Elderberry (Sambucus Nigra) is a favorite herb at CNM for building the immune system ‘boundary’ during cold and flu season.  It is wonderful prevention that tastes great and can even be taken year round because of it’s nourishing properties.

Why do Black Elderberries pack such a nice punch for your immune ‘muscle’? 

  • They are rich in bioflavonoids – potent antioxidants (think preventing rust on a car!)
  • Elderberries have anthocyanins which boost the immune system signaling
  • They contain potent antiviral compounds that actually deactivate viruses- making them unable to get inside our cells!
  • Elderberry is known as an ‘anti-catarrhals’ – meaning it prevents excess mucous formation, it assists in removing phlegm, AND it and reduces inflammation in the body.

If you aren’t already convinced –  studies  demonstrate Elderberry’s powers:

A 2016 Austrian study showed that supplementation with elderberry can reduce the symptoms and duration of a cold in air travellers.  Those who used elderberry 10 days before travel and up to 5 days after arriving had a noticeable reduction in symptoms as well as an average 2 day shorter duration.

There was a double-blind trial involving Elderberry during an outbreak of influenza B in Panama in 1995. Within 2 days there were significant improvements in symptoms, including fever, among 93.3% of those taking elderberry syrup. 90% of the elderberry group were completely well again within 2 – 3 days compared to 6 days in the placebo group.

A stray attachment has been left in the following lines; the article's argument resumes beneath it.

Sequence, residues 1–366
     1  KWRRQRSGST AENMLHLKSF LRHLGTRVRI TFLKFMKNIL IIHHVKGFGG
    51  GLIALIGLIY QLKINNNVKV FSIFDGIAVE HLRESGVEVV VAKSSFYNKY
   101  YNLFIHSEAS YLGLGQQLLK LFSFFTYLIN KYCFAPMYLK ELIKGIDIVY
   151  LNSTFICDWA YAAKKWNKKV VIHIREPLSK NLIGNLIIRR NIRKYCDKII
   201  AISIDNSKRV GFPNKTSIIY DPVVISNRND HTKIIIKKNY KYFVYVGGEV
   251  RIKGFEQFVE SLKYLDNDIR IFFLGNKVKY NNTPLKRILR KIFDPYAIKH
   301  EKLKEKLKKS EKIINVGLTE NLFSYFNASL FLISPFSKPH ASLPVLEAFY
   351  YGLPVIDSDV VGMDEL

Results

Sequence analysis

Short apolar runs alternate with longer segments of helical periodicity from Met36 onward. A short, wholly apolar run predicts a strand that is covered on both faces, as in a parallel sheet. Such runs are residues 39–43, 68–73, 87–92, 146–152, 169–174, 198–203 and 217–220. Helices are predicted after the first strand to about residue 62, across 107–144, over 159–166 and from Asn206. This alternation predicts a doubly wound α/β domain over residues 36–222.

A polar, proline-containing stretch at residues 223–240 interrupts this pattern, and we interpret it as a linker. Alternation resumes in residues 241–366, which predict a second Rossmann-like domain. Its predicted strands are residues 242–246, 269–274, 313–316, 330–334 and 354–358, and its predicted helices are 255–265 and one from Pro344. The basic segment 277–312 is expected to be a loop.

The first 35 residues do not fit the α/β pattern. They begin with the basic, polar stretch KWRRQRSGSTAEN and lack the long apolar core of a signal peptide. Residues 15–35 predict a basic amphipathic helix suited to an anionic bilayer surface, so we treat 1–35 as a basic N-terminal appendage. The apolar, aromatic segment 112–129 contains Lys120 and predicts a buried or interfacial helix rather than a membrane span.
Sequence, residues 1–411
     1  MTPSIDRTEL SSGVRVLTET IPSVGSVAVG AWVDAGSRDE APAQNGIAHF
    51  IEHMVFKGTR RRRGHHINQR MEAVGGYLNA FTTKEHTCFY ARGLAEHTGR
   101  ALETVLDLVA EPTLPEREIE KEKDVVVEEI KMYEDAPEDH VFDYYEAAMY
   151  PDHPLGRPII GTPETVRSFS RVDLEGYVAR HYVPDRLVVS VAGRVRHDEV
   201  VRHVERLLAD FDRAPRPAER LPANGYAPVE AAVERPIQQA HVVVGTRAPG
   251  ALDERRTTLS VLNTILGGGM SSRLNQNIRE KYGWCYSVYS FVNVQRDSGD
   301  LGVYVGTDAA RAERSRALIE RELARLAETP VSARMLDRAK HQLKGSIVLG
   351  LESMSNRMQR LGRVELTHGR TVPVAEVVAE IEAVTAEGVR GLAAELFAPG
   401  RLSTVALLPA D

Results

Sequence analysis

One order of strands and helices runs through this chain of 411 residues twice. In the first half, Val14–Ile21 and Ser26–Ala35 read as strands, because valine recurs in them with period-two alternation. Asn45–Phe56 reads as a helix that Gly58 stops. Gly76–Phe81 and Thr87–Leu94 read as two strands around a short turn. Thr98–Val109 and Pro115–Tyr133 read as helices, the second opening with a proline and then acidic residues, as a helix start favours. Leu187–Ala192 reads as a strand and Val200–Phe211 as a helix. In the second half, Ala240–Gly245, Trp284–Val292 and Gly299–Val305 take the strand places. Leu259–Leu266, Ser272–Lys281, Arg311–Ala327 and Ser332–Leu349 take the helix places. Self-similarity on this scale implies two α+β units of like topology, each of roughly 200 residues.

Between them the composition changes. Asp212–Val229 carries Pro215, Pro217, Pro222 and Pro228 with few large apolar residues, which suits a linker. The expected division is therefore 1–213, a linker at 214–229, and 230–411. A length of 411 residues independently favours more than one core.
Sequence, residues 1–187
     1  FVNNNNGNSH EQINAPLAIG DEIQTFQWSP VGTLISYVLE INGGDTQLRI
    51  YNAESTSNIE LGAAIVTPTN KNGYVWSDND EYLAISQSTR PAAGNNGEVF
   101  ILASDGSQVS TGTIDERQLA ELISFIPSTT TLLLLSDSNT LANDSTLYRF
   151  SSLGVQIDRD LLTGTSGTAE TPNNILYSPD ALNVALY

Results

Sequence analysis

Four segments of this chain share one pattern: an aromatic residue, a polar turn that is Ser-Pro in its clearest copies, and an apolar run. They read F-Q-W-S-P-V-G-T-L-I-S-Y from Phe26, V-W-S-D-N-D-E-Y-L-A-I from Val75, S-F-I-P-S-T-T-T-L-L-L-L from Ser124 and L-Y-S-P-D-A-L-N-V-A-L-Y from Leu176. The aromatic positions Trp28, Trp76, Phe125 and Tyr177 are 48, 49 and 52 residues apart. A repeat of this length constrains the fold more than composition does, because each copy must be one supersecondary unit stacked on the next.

You can make your own Elderberry syrup:

       Ingredients

  • 3/4 cup dried elderberries
  • 3 cups water
  • 1 teaspoon dried cinnamon or 1 cinnamon stick
  • 1 teaspoon dried cloves or 4 whole cloves or 1 drop clove essential oil
  • 1 tablespoon fresh ginger or 1 teaspoon dried ginger or 1 drop ginger essential oil
  • 1 cup raw honey

       Instructions

  1. In a large pot, bring the elderberries, water, cinnamon, cloves, and ginger to a boil.
  2. Reduce the heat, cover, and simmer until the liquid has reduced by half, about 40-45 minutes.
  3. Allow the liquid to cool, and then drain the liquid using a fine mesh strainer or cheese cloth.
  4. Press all liquid out of the berries using the back of a wooden spoon.
  5. Add the raw honey and mix well.
  6. Store in an airtight glass container in the refrigerator for up to two months.

 

* Each individual’s treatment and/or results may vary based upon the circumstances, the patients’ specific situation, as well as the health care provider’s medical judgment and only after further discussion of the patient’s specific situation, goals, risks and benefits and other relevant medical discussion. Testimonials or statements made by any person(s) within this site are not intended to substitute for this discussion or evaluation or as a guarantee as to outcomes. Examples of treatment outcomes in this websites are not intended to convey and warranty, either express or implied, as to outcomes, promises, or benefits from treatment. Whether to accept any treatment by a patient should be assessed by the patient as to the risks and benefits of such procedures and only after consultation with a health care professional.

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